I haven’t been able to post for a little while because I’ve been working on some several assignments for my courses, plus writing midterms. The project I am sharing today is for my Printmaking class and features a series of small linocuts I call “ironic postcards”.
“Linocut” is basically what it sounds like, carving out a piece of linoleum to create a surface to print from, or “matrix”.
Above is what the piece of linoleum looks like before it is carved. I begin with this and draw my design straight onto the surface in pencil. I then go over the pencil drawing in Sharpie or another permanent marker which is about the width of the line I would like to carve. At this point I don’t worry too much about making mistakes since I can still change the image when I carve it out.
After I carve out the plates they look like the ones below. These are the other 3 in the series which I have already finished carving.
Before printing on the nice card stock paper I got for this project I like to make a few test prints on regular printer paper to see where I might need to make some adjustments. I then cut out around the design using household scissors so that I get less unwanted black marks.
I squeeze out my ink onto the glass plate and scrape it around using a palette knife so the ink will be the right consistency. This is called “warming” the ink. Sometimes the ink can be too wet or too dry so you have to experiment with it to get the look you want for your print. I had to leave my tube of water-based relief ink overnight with the cap off because it was way too watery. I finally got the right consistency after a few test prints on the cheap paper, but then it dried up so I had to scrape up the ink and re “warm” it mixed with some fresh ink.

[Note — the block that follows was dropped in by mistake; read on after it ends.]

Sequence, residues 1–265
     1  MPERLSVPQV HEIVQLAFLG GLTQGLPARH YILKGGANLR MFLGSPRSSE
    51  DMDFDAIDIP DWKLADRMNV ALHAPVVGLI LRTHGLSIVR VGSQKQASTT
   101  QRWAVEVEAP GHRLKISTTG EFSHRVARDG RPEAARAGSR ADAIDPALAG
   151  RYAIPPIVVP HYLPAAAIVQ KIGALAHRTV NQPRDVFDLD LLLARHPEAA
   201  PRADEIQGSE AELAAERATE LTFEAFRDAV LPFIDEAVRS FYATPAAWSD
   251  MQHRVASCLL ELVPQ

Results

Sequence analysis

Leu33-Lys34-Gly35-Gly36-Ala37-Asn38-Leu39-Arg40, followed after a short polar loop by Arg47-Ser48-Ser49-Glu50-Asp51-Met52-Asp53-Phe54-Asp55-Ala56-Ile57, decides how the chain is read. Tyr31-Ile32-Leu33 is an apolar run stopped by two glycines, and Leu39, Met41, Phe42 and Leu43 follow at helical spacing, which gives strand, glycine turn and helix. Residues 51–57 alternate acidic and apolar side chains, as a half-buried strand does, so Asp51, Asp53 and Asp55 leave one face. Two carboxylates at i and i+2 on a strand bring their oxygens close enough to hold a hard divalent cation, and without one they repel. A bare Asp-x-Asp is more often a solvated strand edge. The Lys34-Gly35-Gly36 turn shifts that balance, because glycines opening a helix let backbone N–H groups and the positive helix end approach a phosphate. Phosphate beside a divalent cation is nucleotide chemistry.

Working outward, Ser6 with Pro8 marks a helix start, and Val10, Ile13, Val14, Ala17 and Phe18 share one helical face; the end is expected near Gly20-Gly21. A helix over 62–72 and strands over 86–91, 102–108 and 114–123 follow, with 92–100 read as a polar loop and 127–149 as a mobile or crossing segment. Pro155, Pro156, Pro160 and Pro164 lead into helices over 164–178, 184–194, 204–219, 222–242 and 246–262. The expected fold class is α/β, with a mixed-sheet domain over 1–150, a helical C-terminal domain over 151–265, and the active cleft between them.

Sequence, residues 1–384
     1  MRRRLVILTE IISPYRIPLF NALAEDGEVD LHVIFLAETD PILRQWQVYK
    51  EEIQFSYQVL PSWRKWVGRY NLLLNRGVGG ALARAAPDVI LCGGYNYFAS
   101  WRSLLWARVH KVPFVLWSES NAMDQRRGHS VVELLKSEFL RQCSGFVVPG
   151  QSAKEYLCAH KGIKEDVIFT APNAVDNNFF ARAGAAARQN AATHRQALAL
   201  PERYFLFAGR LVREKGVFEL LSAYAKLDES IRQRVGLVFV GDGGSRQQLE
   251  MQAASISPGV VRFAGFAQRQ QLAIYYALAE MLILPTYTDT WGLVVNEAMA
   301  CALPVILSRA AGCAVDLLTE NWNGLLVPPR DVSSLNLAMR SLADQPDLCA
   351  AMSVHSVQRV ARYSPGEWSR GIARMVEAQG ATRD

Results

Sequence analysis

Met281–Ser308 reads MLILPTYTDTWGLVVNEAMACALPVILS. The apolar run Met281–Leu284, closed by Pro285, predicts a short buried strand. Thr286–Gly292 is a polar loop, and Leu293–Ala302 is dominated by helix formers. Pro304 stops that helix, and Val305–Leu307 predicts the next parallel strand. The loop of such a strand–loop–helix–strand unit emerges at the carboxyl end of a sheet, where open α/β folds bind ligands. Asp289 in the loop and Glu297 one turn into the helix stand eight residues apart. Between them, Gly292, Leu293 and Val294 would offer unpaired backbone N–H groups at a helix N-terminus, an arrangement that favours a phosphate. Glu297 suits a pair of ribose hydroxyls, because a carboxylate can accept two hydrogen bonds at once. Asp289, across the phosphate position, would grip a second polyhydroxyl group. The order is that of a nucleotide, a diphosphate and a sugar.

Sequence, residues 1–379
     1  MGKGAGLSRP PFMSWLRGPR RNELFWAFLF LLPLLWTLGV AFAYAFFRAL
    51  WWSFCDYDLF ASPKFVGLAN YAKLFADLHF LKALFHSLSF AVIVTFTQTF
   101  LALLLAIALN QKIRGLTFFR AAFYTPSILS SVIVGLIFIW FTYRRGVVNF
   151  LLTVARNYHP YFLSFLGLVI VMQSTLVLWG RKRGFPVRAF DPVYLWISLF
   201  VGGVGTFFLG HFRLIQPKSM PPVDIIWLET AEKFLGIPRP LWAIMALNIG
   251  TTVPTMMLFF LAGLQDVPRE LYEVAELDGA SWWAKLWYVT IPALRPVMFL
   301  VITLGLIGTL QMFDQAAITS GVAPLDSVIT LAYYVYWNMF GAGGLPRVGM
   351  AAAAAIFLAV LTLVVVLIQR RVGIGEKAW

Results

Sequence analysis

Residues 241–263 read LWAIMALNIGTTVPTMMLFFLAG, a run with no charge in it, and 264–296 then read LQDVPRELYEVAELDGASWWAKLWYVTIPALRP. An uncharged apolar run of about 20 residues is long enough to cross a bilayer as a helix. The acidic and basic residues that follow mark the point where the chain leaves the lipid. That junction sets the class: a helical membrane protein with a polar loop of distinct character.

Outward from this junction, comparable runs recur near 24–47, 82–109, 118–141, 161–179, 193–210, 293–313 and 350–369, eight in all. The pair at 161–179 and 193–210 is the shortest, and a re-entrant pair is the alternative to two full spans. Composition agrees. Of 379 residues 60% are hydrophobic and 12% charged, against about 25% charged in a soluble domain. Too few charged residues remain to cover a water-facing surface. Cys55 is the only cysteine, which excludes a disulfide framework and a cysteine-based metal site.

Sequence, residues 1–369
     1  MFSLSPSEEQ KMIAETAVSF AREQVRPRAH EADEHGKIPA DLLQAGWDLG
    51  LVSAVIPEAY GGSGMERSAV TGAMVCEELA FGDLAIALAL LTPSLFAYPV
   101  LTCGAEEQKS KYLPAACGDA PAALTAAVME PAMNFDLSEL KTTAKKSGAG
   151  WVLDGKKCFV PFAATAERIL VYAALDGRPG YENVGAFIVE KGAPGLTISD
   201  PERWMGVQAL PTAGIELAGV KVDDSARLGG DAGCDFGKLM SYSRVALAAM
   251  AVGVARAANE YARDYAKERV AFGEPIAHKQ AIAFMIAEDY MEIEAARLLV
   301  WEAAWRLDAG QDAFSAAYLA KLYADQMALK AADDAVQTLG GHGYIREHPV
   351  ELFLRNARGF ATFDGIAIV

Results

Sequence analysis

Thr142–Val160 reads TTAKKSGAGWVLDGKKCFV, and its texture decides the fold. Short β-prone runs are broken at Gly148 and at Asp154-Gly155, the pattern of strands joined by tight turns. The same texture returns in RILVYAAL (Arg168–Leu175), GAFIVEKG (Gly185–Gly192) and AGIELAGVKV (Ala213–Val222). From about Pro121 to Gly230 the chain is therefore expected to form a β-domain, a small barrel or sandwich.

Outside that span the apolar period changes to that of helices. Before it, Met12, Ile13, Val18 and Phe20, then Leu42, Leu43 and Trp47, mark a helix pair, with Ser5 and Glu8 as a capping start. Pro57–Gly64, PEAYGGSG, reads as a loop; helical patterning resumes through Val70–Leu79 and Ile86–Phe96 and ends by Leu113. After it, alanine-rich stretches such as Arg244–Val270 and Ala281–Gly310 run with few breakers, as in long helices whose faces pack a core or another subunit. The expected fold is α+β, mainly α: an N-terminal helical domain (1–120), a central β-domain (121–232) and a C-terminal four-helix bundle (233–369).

I like to ink up the plates on one piece of newspaper, them move them over to a clean piece of newspaper before I place the paper onto the plate. The ink tends to get all over the place so you have to be pretty careful and wash your hands a lot.
Also, the ink always seems to wind up going somewhere on the plate you don’t want it to be so I like to rip off tiny pieces of paper and put them on top of those spots before I print.
Once the paper is laid carefully on the plate I use a wooden spoon to rub in small circles all around the design, pressing fairly hard and trying to get it even in all areas. I go over it several times to make sure the print will be as even as possible.
Here is how it turned one of them turned out. Next to it is the wooden spoon I used.
Not too bad right?
Anyways I hope you have found this post interesting and useful. If you would like more information about this printing process do feel free to leave a comment.
I will be attempting to make about 20 good prints of each of the 4 designs so wish me luck!
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Thanks for reading and have a great day,